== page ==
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By David Barbagallo
With the current balance of power in the Parliament and the never-say-yes antics of the opposition leader Tony Abbott, the prospect of Julia Gillard announcing yet another new levy is enough to make the Government go wobbly at the knees. However the National Disability Insurance Scheme (NDIS) will benefit the economy, our community and most importantly people with a disability.
A new levy is the likely mechanism to fund the estimated $10.5 billion NDIS, but economic modelling shows the financial return on that investment, quite apart from the momentous social outcomes, will be unprecedented.
This is a fact so many commentators appear to have missed.
When Medibank was introduced it was essentially about universal health insurance. There were obvious benefits from an efficiency viewpoint and providing access to primary health care for all Australians. However there was little direct economic benefit. This need not be the case with an NDIS and if the protagonists took time to look at the possibilities they might be delightfully surprised.
The much-anticipated release of the Productivity Commission’s draft report on Disability Care and Support is expected to trigger an abundance of impassioned debate about its costs and benefits — social, political and of course financial.
Indeed, the debate is already underway with WA Premier Colin Barnett breaking step with most of the other State leaders and stating his opposition to a new levy to fund the Scheme, ironically seeming to accept the benefits of the Scheme itself.
The concept of an equitable national system to provide lifelong support to people with a disability, whether born or acquired, which enables them to more fully participate in the life of our community seems too self-evident to be debatable. Presumably it is always the size of the investment that makes people and successive governments baulk.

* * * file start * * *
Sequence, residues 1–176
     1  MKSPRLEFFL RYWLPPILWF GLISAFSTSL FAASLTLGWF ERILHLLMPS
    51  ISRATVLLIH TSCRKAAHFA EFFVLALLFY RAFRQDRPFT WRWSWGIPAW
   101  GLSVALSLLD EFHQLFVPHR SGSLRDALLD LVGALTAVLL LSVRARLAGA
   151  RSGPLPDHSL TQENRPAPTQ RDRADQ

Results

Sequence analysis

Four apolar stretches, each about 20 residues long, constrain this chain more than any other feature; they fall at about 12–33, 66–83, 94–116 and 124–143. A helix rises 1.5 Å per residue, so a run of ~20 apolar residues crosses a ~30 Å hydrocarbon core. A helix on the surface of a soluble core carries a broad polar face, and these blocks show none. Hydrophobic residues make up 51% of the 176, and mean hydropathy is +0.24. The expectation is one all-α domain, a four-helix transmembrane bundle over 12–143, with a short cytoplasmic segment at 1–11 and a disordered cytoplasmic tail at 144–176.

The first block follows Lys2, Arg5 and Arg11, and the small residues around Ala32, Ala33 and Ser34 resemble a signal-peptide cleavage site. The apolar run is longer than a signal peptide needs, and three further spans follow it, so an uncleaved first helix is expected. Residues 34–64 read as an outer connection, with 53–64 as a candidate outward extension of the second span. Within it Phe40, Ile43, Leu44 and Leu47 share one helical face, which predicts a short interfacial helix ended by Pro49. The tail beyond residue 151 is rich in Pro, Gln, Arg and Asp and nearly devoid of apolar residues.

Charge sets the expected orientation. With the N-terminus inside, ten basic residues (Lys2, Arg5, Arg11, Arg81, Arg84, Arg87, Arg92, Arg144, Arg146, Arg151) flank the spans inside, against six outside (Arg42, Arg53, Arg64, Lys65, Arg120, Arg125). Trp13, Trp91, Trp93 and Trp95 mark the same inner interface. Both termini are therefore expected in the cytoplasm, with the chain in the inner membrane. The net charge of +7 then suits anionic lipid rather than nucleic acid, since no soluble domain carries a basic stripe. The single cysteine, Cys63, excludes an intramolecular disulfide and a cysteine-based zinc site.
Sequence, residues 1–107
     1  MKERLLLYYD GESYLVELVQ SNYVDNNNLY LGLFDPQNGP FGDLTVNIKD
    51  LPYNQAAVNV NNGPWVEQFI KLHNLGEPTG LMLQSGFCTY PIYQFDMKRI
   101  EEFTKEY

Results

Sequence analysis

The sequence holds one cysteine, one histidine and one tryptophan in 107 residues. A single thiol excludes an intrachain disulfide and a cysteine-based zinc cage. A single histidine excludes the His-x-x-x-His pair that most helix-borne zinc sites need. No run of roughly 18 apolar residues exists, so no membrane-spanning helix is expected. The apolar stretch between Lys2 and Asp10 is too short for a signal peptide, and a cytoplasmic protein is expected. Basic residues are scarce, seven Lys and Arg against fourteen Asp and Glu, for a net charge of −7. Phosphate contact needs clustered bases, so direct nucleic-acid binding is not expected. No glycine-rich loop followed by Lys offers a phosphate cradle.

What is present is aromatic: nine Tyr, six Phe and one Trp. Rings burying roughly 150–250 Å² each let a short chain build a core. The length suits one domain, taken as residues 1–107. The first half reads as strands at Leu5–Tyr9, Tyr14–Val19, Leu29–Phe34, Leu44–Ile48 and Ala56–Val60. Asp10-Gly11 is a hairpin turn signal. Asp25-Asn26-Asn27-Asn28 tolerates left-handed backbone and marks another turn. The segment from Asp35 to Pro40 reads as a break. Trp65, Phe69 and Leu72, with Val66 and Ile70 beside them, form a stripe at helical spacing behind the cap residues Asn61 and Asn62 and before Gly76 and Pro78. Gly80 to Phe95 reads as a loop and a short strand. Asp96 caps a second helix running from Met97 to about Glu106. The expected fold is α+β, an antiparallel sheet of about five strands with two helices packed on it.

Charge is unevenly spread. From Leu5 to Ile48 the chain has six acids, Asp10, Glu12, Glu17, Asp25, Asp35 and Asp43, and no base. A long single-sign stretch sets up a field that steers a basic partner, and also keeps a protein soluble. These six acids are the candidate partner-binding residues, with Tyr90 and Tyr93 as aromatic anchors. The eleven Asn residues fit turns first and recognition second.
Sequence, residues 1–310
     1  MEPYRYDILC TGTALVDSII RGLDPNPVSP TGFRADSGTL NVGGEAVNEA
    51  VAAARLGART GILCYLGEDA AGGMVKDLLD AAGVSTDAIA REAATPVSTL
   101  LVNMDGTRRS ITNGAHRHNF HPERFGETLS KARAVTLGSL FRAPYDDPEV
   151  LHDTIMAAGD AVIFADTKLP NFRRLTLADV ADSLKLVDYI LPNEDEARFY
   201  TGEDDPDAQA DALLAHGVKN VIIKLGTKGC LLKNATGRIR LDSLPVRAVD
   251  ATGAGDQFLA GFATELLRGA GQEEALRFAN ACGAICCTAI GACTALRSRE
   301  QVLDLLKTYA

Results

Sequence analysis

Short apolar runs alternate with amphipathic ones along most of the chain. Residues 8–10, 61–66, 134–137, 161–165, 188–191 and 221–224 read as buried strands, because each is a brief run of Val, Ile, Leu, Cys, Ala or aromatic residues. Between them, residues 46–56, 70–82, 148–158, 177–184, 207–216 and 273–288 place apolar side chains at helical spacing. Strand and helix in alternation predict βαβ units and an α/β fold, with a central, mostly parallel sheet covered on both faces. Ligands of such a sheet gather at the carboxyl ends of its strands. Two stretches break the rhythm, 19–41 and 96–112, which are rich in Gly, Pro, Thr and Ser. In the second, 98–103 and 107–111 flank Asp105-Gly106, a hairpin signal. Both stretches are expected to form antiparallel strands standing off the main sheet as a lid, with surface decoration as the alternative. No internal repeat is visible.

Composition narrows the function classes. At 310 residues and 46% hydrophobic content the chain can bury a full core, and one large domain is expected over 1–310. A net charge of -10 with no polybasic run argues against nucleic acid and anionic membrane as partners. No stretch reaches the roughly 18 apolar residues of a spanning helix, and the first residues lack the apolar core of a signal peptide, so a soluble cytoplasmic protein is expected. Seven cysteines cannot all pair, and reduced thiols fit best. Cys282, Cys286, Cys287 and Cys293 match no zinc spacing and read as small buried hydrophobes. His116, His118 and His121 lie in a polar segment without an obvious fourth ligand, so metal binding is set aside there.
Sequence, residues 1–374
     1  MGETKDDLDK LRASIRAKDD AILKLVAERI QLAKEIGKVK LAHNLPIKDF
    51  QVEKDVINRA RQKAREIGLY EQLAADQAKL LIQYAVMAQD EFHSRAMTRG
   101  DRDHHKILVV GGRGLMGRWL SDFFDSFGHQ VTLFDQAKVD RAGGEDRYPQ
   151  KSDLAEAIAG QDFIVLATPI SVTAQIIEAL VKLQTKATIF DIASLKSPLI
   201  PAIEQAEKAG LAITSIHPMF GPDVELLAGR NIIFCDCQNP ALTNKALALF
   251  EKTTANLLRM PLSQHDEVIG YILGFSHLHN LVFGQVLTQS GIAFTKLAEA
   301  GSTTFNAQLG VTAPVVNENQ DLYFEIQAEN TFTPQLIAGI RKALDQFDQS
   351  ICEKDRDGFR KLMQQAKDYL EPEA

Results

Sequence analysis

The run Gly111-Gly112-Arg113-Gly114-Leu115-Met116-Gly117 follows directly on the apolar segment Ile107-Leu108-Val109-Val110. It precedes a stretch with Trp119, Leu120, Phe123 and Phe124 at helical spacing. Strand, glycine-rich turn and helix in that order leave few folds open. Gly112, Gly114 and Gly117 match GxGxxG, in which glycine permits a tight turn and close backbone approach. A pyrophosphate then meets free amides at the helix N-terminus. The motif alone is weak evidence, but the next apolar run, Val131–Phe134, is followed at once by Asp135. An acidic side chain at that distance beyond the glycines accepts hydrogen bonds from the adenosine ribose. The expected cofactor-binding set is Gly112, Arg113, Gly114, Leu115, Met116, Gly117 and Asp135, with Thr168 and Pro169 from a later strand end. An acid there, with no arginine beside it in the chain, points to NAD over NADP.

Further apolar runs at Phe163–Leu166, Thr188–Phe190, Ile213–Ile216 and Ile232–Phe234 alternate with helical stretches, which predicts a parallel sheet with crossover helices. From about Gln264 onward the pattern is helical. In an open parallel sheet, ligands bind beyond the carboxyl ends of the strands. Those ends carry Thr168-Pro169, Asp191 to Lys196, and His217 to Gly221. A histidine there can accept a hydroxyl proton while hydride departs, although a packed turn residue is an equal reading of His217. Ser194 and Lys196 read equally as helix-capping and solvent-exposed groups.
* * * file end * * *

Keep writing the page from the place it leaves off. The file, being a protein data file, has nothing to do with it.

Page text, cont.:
And we need to understand it will all get scarier as the population ages and people live longer. The current stomach-churning $10.5 billion annual cost will grow significantly as the number of people with disability rises from 1.4 million to 2.5 million over the next 30 years.
Even discounting the ABS’ broad definitions, around 1.4 million Australians have a disability and many more are affected by disability in a significant way. Disability can and does happen to anyone at anytime, often resulting in a lifetime of disadvantage.
But the positive economic impact of a scheme such as the NDIS makes its implementation a no-brainer.
Australia already spends $6.5 billion annually on disability (not including disability and carers pensions).
This cost could be further reduced through efficiencies offered by shifting under one integrated policy the current eight state and territory systems are characterised by emergency and crisis care rather than comparatively cheaper and more effective preventative measures.